Last month, I had the opportunity to attend the Environments for Aging conference in Salt Lake City. Hundreds of professionals involved in the complex world of senior living gathered to learn from each other and to explore products and services that are designed for the senior population. It was not surprising to see the level of interest in the event; according to the US Census Bureau, 20 percent of the current US population will be 65 or older by 2029. The Baby Boomer generation, which accounts for the majority of that 20 percent, is moving into their 70s and are beginning to consider how and where they want to age. Some Boomers prefer to remain in their current homes in the communities that they helped build. Others want to move into smaller homes or prefer to transition to senior living communities. Many of these senior living communities are popping up both in suburbia and active urban centers in response to the current trend in senior housing preferences.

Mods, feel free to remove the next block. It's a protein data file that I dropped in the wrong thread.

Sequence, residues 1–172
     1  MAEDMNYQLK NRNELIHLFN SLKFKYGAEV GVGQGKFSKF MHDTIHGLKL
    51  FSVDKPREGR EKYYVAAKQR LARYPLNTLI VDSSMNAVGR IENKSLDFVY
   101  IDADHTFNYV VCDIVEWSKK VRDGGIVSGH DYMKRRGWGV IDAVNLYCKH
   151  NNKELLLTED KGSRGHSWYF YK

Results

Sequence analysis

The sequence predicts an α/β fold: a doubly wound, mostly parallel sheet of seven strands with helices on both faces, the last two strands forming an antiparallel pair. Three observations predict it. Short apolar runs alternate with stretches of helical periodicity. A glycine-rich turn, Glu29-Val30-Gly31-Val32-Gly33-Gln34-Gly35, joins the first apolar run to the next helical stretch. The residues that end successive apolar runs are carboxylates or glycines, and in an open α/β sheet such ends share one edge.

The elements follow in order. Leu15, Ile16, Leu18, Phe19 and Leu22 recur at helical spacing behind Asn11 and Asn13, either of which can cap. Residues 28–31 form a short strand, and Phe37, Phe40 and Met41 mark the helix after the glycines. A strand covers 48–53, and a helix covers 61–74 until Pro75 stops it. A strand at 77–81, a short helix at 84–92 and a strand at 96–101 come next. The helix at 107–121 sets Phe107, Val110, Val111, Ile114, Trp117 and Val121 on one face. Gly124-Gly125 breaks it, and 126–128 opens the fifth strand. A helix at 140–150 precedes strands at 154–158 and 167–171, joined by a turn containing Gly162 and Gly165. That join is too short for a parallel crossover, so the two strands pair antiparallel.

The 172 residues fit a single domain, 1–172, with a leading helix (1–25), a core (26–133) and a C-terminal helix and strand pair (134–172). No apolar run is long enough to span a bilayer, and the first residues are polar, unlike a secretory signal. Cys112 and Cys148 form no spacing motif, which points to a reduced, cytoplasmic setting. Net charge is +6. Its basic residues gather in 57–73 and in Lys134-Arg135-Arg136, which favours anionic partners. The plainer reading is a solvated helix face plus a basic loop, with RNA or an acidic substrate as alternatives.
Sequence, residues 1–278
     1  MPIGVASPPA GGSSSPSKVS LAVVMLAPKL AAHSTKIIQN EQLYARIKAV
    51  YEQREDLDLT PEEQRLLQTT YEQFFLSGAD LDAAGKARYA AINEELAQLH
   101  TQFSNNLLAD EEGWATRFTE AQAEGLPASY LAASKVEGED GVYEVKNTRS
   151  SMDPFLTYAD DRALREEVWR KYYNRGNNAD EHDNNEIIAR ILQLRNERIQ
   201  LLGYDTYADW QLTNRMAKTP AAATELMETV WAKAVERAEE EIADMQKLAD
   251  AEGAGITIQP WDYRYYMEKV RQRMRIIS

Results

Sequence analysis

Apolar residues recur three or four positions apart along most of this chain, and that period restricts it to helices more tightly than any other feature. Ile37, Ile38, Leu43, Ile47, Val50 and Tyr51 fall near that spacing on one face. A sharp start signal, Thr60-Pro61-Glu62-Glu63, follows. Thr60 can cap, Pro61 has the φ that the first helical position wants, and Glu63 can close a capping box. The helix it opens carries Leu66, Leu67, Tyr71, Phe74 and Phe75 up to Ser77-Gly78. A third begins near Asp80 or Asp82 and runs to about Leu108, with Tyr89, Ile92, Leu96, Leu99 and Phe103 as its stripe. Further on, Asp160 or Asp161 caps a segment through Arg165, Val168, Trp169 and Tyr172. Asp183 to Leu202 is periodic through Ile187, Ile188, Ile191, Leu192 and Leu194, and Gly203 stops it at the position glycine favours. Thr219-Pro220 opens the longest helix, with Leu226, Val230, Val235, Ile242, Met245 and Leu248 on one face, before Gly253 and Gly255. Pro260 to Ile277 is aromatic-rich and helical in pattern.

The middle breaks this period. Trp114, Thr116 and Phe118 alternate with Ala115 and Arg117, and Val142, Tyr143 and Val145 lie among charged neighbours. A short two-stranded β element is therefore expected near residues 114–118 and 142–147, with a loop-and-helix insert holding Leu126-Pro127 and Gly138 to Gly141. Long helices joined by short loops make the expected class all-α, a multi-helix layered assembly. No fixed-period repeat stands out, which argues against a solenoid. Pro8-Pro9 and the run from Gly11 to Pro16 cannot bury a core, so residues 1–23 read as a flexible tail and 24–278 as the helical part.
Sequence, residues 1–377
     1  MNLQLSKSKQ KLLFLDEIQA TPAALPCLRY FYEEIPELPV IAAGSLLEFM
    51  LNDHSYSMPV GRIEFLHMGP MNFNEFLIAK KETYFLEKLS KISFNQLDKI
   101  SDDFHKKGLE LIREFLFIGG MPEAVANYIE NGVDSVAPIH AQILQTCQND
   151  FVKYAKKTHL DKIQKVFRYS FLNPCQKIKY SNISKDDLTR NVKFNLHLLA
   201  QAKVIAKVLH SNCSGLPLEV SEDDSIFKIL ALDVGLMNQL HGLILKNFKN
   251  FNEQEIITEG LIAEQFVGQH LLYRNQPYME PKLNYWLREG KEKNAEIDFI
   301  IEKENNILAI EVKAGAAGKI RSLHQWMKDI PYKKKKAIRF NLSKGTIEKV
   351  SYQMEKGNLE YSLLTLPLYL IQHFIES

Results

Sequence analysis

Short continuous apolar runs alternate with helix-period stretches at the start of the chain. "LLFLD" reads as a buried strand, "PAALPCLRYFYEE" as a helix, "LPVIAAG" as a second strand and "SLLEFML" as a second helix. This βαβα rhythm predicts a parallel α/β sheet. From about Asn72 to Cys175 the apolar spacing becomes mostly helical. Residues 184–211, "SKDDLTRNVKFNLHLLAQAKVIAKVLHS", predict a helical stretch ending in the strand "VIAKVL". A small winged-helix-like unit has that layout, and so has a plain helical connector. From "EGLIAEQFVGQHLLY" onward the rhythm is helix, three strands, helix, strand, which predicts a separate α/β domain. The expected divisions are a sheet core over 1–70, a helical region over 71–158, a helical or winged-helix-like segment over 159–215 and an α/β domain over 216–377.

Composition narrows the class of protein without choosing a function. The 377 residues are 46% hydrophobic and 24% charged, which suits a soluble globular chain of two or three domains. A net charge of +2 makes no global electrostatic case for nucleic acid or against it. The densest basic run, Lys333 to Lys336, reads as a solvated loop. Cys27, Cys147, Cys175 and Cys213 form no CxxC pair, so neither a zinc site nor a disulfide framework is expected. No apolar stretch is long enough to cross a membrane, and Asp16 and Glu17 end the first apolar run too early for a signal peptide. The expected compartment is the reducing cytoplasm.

There are many senior housing typologies: among the most common are independent living, assisted living, and dementia care. Each type of living arrangement has specific needs that must be addressed from a design perspective.